By Connie Leonard
(LOUISVILLE, May 25th, 2004, 12:30 p.m.) -- Two years ago they became Kentucky's youngest heroes with dignity and grace, winning the Little League World Series Championship in Williamsport, Pennsylvania and bringing Bluegrass baseball fans a summer we'll never forget. Our Connie Leonard recently found out what the Valley Sports champs are up to now.
In 2002, their talent, unselfish teamwork and heart had fans across the nation on their feet. Valley Sports beat Japan for the Little League World Series title. It was a thrill of a lifetime, but the players had no idea what was in store from them when they returned to Louisville.
There were thousands of screaming fans, parades, autograph signings, T-shirts -- even a chance to meet President Bush and check out Air Force One.
Two years later, the crowds have diminished and so has some of the fanfare but, the love of the game remains the same. So it's no surprise where we found our All-Stars.
Former Valley Sports Manager Troy Osborne has done it again. This time Troy has put together a travel team, games college and pro scouts attend. "I think this is going to be a very, very good team for 14-year-old kids."
You may recognize some of the players, but some have grown, like Troy's son, Zac Osborne -- the superstar hitter and pitcher during the 2002 series, who is now playing shortstop. "It's fun to me, I enjoy it."
Casey Jordan, who grabbed the final out against Japan, plays third base. He admits he has changed. "I've gotten taller and I've gotten fatter."
Catcher Ethan "E." Henry stole the hearts of all the 12-year-old girls. "My mom got mad at that," he recalls. "We had girls calling us at 3 o'clock in the morning."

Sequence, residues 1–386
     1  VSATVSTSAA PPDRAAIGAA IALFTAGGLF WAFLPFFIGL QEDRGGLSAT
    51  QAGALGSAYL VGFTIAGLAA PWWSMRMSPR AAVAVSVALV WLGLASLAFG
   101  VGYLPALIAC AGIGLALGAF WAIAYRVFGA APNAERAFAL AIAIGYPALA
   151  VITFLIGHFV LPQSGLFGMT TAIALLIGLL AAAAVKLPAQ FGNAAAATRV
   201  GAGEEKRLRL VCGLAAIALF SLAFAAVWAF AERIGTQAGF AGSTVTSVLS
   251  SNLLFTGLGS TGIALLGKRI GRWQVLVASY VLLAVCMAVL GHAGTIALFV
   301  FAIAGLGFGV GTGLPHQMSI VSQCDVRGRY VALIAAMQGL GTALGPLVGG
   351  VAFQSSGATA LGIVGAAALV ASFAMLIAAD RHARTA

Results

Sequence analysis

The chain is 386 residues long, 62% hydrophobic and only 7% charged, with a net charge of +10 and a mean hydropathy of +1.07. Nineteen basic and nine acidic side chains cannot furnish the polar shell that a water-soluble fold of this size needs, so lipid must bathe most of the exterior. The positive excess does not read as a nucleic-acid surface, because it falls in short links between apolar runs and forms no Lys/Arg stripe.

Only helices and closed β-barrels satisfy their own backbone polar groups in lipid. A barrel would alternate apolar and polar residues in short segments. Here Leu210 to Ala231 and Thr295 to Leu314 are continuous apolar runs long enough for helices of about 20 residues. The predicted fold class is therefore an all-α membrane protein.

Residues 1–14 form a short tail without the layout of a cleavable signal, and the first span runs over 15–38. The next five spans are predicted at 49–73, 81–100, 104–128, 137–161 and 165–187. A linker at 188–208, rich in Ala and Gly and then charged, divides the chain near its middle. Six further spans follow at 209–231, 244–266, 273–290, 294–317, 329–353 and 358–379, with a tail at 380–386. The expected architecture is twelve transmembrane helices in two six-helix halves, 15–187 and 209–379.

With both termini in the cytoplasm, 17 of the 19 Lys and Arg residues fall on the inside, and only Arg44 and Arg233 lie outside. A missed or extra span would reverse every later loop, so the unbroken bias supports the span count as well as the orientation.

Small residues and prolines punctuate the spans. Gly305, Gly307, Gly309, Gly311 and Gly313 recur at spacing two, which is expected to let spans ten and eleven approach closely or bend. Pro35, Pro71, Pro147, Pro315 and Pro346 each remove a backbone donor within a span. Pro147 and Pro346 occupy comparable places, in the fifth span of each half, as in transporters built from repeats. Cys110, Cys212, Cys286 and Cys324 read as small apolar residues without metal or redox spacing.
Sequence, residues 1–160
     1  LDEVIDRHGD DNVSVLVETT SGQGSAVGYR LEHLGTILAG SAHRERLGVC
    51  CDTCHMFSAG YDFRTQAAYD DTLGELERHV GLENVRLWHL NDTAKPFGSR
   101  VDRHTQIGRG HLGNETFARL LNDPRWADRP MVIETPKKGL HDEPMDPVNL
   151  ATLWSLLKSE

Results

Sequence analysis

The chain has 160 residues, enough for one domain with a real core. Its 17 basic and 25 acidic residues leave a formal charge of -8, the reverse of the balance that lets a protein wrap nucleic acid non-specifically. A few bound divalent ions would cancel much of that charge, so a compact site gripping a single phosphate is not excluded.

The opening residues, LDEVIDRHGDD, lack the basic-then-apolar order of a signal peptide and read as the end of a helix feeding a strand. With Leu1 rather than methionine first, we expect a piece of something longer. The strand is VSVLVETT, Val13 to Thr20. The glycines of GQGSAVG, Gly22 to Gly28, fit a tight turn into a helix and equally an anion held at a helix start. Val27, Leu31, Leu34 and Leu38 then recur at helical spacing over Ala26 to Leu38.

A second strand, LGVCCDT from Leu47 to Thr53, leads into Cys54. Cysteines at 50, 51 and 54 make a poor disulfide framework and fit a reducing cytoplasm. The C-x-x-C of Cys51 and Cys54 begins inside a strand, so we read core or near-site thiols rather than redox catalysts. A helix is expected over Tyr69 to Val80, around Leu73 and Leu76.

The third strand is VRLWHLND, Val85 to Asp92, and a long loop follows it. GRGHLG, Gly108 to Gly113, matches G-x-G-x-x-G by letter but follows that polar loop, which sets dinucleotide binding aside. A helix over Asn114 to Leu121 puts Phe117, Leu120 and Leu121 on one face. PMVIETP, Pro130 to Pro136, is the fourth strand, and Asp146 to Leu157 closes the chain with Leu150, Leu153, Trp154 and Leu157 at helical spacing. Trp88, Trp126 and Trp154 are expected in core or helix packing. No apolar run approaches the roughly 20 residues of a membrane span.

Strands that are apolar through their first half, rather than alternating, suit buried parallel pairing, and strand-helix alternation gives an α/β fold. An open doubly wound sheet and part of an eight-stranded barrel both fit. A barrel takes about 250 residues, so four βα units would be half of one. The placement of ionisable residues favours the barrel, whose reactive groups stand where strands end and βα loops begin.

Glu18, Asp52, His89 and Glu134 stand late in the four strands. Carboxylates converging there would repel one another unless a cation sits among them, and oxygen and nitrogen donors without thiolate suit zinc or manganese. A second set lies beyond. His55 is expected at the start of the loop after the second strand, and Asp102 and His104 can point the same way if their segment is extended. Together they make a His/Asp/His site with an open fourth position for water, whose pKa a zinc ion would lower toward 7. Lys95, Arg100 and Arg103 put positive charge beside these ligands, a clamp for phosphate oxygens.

And the big "A" -- Aaron Alvey, who struck out 11 batters and had the only run in the final game -- is also back. And the memories of the 2002 championship team are still fresh in his mind. "Man it was just great. I will never, ever have a better experience than I did."
Missing from the new team playing on Derby City Field is the youngest member of the World Series gang, Alex Hornback (aka "Peanut"). But don't worry, we found him across town at Crosby Park in Middletown. In three innings during the 2002 series, Alex hit a double, had a double play and pitched. Oh and he's no longer known Peanut anymore. These days he's simply "Nut."
But for longtime fans, old habits die hard. His old pals won't let "Peanut" die either.
As much as all the players have grown and changed, they are still Kentucky heroes.
One of the best thing benefits about their celebrity status as World Series Champions turned out to be the lunch ladies. "I'd ask for another slice of pizza and they'd give it to me for free, Casey said" But unfortunately, that didn't last. "I switched schools so they don't give me no more free food."
Casey is headed to south Oldham next year, and Aaron will attend Butler High. Zac, Ethan and Peanut will play for PRP.
All the players have gotten stronger, they throw and hit harder and may have a major league future. In any case, the parents, grandparents and aunts and uncles will keep rooting them on. The boys say they'll always have their friendship and more important, their Little League memories.
Many of the remaining Valley Sports players are also still swinging the bat.
By the way, after 15 years, former coach Dan Roach tells us he's taking it easy this year, and is enjoying playing golf. And we're told co-coach Keith Elkins is helping coach his son, Justin. Roach says Valley Sports has added a new field but the desire to have a huge complex was overridden by the cost.
Online Reporter: Connie Leonard